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Official DEQ news releases.

List administrator(s): Bill Hayden, Jennifer Underwood, Irina Calos, John Tragesser

Free teacher kits on land conservation available

February 6, 2008

Julia Wellman
(804) 698-4399

RICHMOND, VA. -- Love-A-Tree activity kits are available for free to teachers from the Virginia Department of Environmental Quality. The packets include a teacher resource guide with lesson plans and activities on land conservation and stewardship.

The lesson plans focus on three main concepts: the importance of land conservation, threats to the protection of open space and land management. The kit was designed for middle school teachers, but it can be adapted for upper elementary or high school students.

In April 2006, Governor Timothy M. Kaine set a goal to protect 400,000 acres of land. Benefits of this goal include preserving water quality, providing additional opportunities for recreation, and preserving wildlife habitat and historic landscapes. The kits highlight these benefits through the lesson plans.

The Love-A-Tree kit is a Virginia Resource Use Education Council project with special support from International Paper, the Virginia Office of Environmental Education at DEQ, Department of Game and Inland Fisheries, Department of Conservation and Recreation, Department of Forestry and the Department of Transportation. Employees at the International Paper mill in Franklin also volunteered to assemble the materials into 3,000 kits.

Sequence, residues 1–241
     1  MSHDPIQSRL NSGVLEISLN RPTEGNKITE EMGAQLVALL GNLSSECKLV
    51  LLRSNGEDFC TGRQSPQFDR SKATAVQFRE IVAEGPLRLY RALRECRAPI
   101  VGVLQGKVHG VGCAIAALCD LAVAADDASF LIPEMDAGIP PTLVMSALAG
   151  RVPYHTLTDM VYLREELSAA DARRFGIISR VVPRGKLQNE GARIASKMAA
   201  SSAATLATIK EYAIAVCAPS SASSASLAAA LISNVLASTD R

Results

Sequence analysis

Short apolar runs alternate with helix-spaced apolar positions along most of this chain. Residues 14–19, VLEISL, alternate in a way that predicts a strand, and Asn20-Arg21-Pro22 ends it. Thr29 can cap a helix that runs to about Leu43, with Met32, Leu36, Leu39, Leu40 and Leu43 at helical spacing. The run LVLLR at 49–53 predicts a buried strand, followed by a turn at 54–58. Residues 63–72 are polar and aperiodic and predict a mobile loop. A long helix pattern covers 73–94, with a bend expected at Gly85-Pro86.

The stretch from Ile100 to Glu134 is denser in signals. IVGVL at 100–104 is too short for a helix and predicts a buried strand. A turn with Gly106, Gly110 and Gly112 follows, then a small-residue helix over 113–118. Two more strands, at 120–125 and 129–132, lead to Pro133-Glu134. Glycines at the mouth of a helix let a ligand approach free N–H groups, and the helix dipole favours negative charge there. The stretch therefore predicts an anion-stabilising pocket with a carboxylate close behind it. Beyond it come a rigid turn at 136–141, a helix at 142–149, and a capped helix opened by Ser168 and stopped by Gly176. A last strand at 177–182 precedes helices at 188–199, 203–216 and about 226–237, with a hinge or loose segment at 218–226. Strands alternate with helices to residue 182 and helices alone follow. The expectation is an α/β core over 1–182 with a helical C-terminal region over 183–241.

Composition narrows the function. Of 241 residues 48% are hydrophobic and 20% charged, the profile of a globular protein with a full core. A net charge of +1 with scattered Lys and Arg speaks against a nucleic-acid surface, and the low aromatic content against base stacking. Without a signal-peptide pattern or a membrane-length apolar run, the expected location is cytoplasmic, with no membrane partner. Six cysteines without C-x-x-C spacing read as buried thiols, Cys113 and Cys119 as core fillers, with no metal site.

To request a kit, contact Stephanie Feaser at DEQ by email at and include a mailing address. For questions regarding the content, contact Kris Jarvis at DEQ by email at Additional information about the Love-A-Tree kits and Virginia Naturally is available on the DEQ website at


From: Julia Wellman

Sent: February 06, 2008 at 2:36 pm

Virginia issues recycling report for 2006

December 13, 2007

Bill Hayden
(804) 698-4447


RICHMOND, VA. -- The Virginia Department of Environmental Quality has released its annual report on recycling by Virginia localities. The report includes information from localities on the percentage and type of waste recycled in 2006.

The statewide recycling rate for 2006 increased to 38.4 percent from 32.2 percent in 2005. About 86 percent of localities and regional waste management areas achieved the state recycling rates, compared with 61 percent in 2005.